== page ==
We’re suckers for a good story. We often believe that we understand the past. Even further, we often think we can use our understanding of the past to predict the future. Kahneman tells us this is simply because there’s a compelling narrative. The pieces all seem to fit. We think hindsight is 20/20, but in reality, our vision of the past is often nearly as inaccurate as it is of the future.

Going back to the example at the start, we heard about the success of a particular water filtration technology. We heard about the team and their thorough process. Based on the info in front of us, it sounds like a winning approach. 

But what if their success could be attributed to other factors? Perhaps a local community member played a critical role in convincing her neighbors to use this water filtration device, but her crucial contributions weren’t documented. Or maybe there had recently been a new government program that provided incentives to local communities for implementing clean water programs. Another consideration our initial narrative didn’t include: how long does “success” last? We heard that the technology was beneficial and delivered value to the community. But for how long? Maybe the community used the technology for a year or even five years, only to abandon the filtration devices altogether a year later. 

These additional details illustrate what Kahneman calls WYSIATI, or “what you see is all there is.” Our minds tend to examine all of the pieces in front of us and string together a narrative. Unless we know exactly what kinds of details might be missing, we can’t possibly know what we’re missing! We are easily tricked by this blind spot.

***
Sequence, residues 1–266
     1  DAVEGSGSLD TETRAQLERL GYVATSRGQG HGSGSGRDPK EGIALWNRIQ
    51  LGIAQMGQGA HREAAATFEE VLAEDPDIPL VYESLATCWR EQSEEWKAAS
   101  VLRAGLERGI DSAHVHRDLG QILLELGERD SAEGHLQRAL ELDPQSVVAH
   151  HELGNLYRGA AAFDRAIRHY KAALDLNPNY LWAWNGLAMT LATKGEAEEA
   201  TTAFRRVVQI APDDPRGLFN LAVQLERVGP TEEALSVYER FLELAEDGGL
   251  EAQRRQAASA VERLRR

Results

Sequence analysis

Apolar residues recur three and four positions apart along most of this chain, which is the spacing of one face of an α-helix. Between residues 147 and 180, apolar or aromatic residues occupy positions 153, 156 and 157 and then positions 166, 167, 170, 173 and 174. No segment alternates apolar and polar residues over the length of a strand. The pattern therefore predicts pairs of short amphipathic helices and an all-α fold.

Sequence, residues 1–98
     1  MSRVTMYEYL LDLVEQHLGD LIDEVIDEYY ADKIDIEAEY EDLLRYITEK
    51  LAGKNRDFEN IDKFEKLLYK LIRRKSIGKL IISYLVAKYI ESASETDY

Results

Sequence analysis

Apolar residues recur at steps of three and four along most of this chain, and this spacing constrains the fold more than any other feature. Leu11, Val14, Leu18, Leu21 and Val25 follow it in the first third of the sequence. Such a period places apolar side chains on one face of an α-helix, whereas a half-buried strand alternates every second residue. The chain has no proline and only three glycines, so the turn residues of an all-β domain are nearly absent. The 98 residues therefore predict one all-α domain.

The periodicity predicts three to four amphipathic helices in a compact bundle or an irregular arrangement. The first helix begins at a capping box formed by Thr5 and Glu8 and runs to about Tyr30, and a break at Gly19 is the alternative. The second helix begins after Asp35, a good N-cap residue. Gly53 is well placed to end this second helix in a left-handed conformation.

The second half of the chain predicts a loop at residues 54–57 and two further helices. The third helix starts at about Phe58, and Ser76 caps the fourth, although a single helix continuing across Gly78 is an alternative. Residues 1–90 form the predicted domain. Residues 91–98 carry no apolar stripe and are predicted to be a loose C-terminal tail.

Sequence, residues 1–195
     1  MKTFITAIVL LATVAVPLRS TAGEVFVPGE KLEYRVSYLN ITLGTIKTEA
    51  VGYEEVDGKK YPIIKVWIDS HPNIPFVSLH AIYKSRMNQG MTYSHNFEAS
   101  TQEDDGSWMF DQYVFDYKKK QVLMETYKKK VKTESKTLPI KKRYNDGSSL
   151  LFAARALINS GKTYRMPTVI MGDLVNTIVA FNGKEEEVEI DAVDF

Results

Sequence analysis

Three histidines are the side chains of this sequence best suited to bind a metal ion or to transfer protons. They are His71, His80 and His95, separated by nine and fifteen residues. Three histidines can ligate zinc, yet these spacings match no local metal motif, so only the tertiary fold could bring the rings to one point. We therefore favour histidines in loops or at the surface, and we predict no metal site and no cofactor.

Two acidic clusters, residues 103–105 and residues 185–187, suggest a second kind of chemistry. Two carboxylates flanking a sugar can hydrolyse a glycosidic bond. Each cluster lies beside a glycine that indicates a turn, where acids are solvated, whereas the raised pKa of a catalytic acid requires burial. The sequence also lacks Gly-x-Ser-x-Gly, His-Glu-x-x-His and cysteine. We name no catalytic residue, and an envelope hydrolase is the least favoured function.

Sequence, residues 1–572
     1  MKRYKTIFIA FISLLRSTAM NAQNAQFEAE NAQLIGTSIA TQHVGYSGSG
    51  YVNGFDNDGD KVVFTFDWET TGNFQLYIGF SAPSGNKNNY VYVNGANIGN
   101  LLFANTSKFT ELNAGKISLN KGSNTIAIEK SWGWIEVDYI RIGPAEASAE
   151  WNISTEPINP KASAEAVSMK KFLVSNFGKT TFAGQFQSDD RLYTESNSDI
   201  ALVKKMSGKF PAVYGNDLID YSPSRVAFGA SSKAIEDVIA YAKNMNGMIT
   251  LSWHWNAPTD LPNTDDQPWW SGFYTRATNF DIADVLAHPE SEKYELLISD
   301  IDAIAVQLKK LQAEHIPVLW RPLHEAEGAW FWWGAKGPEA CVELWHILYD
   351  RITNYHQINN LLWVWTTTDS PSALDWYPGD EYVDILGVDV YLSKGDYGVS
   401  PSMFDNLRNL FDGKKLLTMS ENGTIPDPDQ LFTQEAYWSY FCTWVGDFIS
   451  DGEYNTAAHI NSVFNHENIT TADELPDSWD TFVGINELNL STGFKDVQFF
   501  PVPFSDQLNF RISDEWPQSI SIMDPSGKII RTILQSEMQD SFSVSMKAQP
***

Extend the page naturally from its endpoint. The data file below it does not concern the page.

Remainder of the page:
Another example, not from Kahneman, but that strikes me as a good illustration, involves what’s called the survivorship bias. During World War 2, the Allied forces tried to figure out how to strengthen their fighter planes. When the aircraft came back from battle, they would look at where the bullet holes were – and then started looking at ways to reinforce those areas. Fortunately, a mathematician named Abraham Wald saw the data from a different perspective. Rather than considering the damaged parts of the planes that returned, what happened to those that didn’t return? They were probably hit in other, more vulnerable areas. His insight led to the Allied forces reinforcing planes in areas with no bullet holes. 

This tendency to focus only on the ones that succeeded or survived is an easy trap. What you see is all there is. We’re rarely asking the question: but what didn’t happen? We can easily get caught up in the story before us and forget to consider that we’re missing crucial details.